PBS Documentary "The War"

Discussion in 'The Watercooler' started by DDD, Sep 24, 2007.

  1. DDD

    DDD Well-Known Member

    Last night on PBS the first 2.5 hour segment of "The War" was
    shown. In total the documentary is suppose to be 11 or 12 hours.
    I'm not sure how old you have to be to appreciate the program but
    certainly it has meaning in my family. I was born in l940 and
    it was probably l950 before the aura of "The War" had disipated
    and my generation moved on to Rock and Roll.

    The documentary is particularly signicant because the WW2 vets
    are dying off rapidly and those vets mostly kept the horror of
    "the good war" to themselves. My Dad never spoke in details. I
    only remember once when he got teary after the war when my friend
    Judy asked him "did you see my Daddy's plane crash?". He had. I
    had nightmares for awhile thinking of Judy's Daddy. My eldest
    sister married an attorney who was a Marine and had shrapnel
    scars from fighting in the islands. He never, ever, ever would
    speak of the war.

    The times were different in the 40's and 50's. Now, in 2007, these veterans are sharing the horrible truth for the first time.
    I was so moved. I was horrified. I was ashamed. I was proud.

    Did any of you ever watch the wonderful, long Civil War series
    that was on PBS years ago? It was later marketed and it was the
    best documentary we had ever seen. Our library has multiple copies of it. This WW2 documentary is on the same plane. It
    stresses that WW2 has always been referred to as "The Good War"
    BUT those in the know....know....there is no such thing. DDD
  2. Steely

    Steely Active Member

    I have taped it to watch. It is produced by Ken Burns and I have only heard good things about it. I am not a big history documentary fan, so I am hoping I will be able to sink my teeth into, and not get bored.
  3. busywend

    busywend Well-Known Member

    I am sure boyfriend is watching it. I will ask him. Do you know if it will be for sale after it airs?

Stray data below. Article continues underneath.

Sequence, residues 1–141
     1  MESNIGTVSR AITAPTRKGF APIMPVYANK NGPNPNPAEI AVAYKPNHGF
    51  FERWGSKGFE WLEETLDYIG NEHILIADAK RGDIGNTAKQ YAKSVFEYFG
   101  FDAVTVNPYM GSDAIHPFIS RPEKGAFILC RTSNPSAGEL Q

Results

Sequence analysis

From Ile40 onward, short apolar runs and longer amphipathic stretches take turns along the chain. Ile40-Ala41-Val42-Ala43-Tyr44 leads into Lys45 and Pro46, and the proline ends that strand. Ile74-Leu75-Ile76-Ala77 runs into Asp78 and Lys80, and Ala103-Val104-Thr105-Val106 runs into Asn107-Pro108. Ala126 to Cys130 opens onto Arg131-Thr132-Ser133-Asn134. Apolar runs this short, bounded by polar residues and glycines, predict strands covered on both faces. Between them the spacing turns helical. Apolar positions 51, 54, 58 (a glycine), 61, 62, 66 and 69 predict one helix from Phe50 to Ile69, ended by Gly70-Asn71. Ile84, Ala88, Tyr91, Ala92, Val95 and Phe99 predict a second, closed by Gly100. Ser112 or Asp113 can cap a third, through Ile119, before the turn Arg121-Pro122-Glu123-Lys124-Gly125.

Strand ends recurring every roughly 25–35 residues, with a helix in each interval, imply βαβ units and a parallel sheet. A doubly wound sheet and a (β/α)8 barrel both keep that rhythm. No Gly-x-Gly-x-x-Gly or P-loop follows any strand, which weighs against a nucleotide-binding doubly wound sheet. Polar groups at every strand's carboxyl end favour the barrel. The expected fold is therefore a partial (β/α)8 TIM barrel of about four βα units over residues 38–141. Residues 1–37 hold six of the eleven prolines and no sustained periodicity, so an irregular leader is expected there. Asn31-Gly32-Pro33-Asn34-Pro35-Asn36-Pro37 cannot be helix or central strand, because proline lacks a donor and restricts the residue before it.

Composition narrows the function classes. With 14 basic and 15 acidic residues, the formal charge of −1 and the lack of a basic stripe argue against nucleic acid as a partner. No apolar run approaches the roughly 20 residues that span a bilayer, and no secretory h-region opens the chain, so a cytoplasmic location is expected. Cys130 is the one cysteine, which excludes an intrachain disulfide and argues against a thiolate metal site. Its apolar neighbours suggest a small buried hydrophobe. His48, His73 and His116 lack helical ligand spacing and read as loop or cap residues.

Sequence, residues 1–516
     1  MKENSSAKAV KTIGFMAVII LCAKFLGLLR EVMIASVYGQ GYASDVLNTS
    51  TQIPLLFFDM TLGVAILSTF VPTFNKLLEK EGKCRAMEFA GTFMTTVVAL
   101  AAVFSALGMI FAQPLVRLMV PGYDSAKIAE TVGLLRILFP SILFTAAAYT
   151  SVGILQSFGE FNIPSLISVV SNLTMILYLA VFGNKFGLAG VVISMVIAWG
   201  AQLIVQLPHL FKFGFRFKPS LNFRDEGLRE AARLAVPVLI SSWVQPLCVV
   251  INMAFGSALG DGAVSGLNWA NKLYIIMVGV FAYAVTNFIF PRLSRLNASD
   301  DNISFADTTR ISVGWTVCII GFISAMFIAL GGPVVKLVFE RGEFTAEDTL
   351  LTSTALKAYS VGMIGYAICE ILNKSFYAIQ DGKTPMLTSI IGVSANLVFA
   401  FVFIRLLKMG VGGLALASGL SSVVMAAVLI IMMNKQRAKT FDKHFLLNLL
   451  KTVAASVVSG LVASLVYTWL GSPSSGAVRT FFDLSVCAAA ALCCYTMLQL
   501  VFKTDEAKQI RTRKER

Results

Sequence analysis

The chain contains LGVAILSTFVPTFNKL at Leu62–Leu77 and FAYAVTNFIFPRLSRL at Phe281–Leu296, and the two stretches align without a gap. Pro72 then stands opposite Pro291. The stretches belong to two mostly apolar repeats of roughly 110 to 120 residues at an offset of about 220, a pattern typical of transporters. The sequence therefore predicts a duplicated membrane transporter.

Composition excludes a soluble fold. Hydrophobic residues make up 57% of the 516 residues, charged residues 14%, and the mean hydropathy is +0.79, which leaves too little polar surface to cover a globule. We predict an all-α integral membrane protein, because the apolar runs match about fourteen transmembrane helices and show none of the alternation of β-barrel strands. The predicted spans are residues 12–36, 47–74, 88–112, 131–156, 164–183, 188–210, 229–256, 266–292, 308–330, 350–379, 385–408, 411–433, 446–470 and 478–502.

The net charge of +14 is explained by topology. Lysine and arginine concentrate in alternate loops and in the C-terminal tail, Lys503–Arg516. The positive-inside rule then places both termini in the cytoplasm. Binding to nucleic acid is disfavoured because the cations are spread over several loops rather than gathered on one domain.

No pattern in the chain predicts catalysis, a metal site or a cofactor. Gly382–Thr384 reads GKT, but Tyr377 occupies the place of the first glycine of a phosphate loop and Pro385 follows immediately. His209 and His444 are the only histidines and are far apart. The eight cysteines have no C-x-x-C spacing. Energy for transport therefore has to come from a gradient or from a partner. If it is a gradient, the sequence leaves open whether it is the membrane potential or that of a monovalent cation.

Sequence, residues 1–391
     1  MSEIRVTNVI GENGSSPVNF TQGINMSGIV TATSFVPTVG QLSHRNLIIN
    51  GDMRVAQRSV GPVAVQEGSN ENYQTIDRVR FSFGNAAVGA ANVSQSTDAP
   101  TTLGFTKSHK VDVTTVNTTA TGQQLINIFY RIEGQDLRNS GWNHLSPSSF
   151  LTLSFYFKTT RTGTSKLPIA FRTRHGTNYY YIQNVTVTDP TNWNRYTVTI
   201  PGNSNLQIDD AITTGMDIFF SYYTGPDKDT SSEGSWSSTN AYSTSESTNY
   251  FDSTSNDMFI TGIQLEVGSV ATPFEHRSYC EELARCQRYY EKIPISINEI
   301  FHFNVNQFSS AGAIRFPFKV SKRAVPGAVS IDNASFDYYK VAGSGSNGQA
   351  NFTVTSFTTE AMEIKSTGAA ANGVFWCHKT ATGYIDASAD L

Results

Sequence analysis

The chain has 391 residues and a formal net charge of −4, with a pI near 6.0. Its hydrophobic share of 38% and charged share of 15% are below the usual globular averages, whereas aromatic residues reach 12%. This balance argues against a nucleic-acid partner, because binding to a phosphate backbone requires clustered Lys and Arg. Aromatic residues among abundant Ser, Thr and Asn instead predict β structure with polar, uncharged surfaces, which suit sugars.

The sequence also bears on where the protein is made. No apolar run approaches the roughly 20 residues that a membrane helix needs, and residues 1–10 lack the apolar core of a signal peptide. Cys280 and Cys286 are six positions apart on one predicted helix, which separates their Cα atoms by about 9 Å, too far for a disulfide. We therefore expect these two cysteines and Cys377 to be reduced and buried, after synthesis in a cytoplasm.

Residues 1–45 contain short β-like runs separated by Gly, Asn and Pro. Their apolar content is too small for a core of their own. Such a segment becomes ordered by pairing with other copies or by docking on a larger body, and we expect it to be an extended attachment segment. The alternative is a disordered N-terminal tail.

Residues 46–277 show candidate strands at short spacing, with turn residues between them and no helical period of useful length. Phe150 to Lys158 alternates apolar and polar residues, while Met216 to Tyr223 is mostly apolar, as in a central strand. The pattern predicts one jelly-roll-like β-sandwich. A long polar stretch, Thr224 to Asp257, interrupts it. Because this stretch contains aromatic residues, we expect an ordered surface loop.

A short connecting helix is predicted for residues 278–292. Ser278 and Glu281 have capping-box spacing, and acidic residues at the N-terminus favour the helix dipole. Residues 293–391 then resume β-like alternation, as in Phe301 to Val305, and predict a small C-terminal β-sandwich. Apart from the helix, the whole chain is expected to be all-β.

4. HereWeGoAgain

    HereWeGoAgain Grandpa

    I have seen Ken Burn's "The Civil War" several times. Also watched his baseball documentary. Both very well made. I missed the premier of this one and I am kicking myself! Not sure if I should watch now, having missed the opening, or if I should wait until it comes out on DVD so I can watch the segments in order (or maybe there will be an encore presentation of the premier?)

    No such thing as a "good" war, true, but I believe WWII was a just war, and I think that is what they mean by "the good war".
  5. Nancy

    Nancy Well-Known Member Staff Member

    I did watch it and taped it also. I grew up watching WWII movies with my Dad, the old black and white movies. I would ask him questions about the war and he tried to answer them for me. He was in many different countries during the war so he had stories of all of them.

    I reminded Dad this movie started last night and he said he was going to watch it so I'll be interested to see what he thought. Being a documentary I'm not sure a lot of younger people will find it interesting but I really did. It certainly is a good history lesson.

    I was struck by how honest the people were in talking about what really happened there. And it really hit home just how many men and women were lost in those battles.

  6. HereWeGoAgain

    HereWeGoAgain Grandpa

    Here is an interesting theory of history which proposes that the generation that fought WWII was the last example of a "civic" or "heroic" generation to reach maturity, born between 1901 and 1924. Supposedly the next "heroic" generation is the "Millenial generation" born approximately from 1981 to 2002.

    The theory is that each generation tends to correct for the excesses of the previous generation in an 80-to-100-year repetitive cycle. If the theory pans out then the external crisis that this heroic generation (that is, the "Millenial generation", current five-to-twenty five year olds) must face will occur in about 2015 to 2025.

    My generation, the boomers (1943-1960), are an "idealist" generation according to the theory, tending to be visionary, individualistic, and spiritual.

    The generation after the boomers ("generation X") (1961-1980) is a "reactive" generation (again, according to the theory), tending to be "rebellious, pragmatic, and materialistic". The previous reactive generation was the "Lost generation" born 1883-1900.

    The fourth type of generation (theoretically) is "artistic/adaptive", members of which are described as "conformist, sensitive, and cultured". The last such generation was the "Silent generation" born between 1925 and 1942. The next artistic generation is the children being born now.

    It's a fascinating theory and does in many ways seem to be broadly accurate as a description of the past century or two, but I'm reserving judgment on whether it is predictive of the outlines of future trends or not.
  7. DDD

    DDD Well-Known Member

    That historical perspective is interesting. I don't think I have
    the sense of history to weigh in on the subject but I admire those who do. Thanks for sharing. DDD
  8. Nancy

    Nancy Well-Known Member Staff Member

    That's interesting. I'm a boomer too and I agree with what they say about the X generation. I'm hoping this generation doesn't face too many crisis, my easy child is too sensitive for that.